We should note that arctan(1) = π/4. It is the main idea of the proof. We will find a Taylor series representation for the inverse tangent and the proof will be complete.
Finding the series representation
Observe these derivatives at of the inverse tangent at x=0:
From simple observation or mathematical induction, we obtain that the nth derivative is zero if n is even, and it is this when n is odd:
So we can strike out the even derivative terms from the Taylor series. Doing that, we obtain the following series for arctan:
Evaluation at x=1 yields
Hence, it immediately follows that
The above series is very slow to converge, taking about five billion terms to get pi to 10 decimal places.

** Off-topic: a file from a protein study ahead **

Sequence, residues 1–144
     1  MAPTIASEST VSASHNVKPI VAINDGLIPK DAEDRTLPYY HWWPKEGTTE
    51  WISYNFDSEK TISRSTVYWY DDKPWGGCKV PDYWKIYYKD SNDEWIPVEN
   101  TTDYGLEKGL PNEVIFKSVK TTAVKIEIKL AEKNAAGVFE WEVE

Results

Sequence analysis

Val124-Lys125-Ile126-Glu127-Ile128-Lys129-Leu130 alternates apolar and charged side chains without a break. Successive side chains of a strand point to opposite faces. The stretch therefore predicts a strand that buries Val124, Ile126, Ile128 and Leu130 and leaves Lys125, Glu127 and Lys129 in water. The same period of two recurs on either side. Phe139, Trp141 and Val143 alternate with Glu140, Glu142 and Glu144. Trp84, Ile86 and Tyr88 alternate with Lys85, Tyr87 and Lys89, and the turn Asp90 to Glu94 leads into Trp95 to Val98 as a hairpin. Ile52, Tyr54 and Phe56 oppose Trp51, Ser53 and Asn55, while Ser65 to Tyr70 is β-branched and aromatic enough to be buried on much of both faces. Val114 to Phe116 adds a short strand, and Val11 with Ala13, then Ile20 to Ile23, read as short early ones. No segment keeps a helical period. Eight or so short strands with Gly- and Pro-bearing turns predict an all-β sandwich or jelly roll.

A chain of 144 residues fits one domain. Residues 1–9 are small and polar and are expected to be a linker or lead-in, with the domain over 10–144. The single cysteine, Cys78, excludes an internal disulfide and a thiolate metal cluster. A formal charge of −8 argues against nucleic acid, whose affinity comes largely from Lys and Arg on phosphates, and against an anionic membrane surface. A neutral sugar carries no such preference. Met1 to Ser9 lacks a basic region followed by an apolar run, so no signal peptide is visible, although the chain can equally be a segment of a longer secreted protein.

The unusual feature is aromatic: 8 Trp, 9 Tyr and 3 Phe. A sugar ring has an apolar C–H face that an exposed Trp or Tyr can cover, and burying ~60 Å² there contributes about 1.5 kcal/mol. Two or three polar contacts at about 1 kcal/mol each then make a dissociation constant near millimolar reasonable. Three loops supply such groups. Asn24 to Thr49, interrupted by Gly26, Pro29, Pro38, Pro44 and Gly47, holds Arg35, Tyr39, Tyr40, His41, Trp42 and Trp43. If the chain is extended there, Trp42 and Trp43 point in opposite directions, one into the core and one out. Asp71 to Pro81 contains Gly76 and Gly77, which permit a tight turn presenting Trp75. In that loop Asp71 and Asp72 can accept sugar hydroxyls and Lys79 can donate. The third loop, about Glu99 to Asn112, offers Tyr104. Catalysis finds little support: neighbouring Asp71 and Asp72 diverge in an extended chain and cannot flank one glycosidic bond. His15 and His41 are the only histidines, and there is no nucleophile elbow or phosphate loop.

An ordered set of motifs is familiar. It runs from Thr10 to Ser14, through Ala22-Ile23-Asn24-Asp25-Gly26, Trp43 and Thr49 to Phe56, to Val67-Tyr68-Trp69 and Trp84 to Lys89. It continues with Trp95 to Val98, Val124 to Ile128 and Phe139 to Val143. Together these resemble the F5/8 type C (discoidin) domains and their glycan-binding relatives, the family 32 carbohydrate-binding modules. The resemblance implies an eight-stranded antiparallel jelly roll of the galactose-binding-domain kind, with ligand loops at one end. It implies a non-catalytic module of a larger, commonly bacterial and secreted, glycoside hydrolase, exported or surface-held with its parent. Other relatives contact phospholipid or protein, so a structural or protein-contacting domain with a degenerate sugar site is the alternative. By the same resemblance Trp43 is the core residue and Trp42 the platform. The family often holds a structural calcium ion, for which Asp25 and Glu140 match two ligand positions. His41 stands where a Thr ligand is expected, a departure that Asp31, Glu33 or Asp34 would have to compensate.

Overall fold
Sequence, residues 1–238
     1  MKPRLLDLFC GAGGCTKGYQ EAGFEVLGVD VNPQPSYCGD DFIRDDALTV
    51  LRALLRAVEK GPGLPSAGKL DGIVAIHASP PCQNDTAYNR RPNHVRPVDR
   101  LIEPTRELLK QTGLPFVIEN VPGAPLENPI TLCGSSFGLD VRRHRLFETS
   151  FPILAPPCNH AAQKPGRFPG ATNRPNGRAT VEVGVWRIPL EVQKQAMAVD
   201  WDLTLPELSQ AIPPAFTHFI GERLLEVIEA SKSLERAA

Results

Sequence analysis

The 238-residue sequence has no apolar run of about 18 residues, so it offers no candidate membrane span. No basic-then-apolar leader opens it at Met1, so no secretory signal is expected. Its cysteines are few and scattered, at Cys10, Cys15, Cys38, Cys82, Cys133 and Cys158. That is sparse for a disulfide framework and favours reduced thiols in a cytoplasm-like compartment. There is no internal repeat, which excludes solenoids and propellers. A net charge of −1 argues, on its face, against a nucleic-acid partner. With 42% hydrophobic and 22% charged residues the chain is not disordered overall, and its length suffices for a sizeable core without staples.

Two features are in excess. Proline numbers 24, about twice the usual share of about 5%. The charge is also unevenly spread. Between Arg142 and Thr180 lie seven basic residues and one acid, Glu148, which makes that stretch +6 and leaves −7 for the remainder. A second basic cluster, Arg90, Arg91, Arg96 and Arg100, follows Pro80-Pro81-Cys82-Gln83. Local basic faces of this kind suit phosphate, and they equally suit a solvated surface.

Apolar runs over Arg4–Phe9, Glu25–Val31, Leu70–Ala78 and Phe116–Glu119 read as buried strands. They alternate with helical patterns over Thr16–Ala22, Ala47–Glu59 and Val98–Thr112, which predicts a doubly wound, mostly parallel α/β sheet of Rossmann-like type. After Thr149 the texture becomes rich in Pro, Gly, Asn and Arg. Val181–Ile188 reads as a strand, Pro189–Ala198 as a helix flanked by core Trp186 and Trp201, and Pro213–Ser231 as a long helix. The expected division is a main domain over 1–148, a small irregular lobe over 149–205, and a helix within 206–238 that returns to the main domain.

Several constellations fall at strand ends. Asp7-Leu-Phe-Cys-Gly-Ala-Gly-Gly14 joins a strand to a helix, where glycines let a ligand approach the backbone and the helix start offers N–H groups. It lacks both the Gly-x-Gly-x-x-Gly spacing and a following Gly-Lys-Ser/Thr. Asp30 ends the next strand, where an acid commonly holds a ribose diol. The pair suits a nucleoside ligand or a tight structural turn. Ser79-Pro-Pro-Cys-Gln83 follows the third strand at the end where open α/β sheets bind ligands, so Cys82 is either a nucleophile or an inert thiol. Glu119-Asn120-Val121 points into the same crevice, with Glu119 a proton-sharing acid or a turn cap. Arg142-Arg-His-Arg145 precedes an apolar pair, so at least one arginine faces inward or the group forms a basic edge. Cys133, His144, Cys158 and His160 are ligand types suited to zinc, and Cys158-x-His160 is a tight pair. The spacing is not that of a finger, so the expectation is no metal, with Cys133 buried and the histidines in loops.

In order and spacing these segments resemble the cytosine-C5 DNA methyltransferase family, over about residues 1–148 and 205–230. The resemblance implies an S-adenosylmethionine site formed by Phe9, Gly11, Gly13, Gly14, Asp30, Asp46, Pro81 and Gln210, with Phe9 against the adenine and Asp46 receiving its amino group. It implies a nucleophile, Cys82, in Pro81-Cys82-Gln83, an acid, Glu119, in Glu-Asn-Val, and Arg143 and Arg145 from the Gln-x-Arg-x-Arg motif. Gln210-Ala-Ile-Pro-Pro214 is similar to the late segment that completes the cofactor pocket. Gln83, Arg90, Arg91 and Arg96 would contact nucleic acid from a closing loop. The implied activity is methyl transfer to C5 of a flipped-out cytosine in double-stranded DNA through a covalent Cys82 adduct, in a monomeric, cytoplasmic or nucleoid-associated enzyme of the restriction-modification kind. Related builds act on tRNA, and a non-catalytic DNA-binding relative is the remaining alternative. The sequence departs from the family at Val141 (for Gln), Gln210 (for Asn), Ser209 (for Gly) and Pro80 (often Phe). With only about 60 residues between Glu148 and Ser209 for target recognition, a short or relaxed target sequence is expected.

Product representation for pi
From the Basel problem, it follows that the infinite product representation Euler found for sin(x)/x is, in fact, true; despite it relying on the factoring of an infinite polynomial. This formula is
Since sin(π/2) is equal to 1, it immediately follows that
From here, with a bit of rearranging, we obtain
which gives, when expanded,
Pi is also equal to the values of some definite integrals:
Also this holds:
The first two can be verified via integration, the third one follows from the Weierstrass product for the Gamma function and the fourth one is the result of the Basel problem.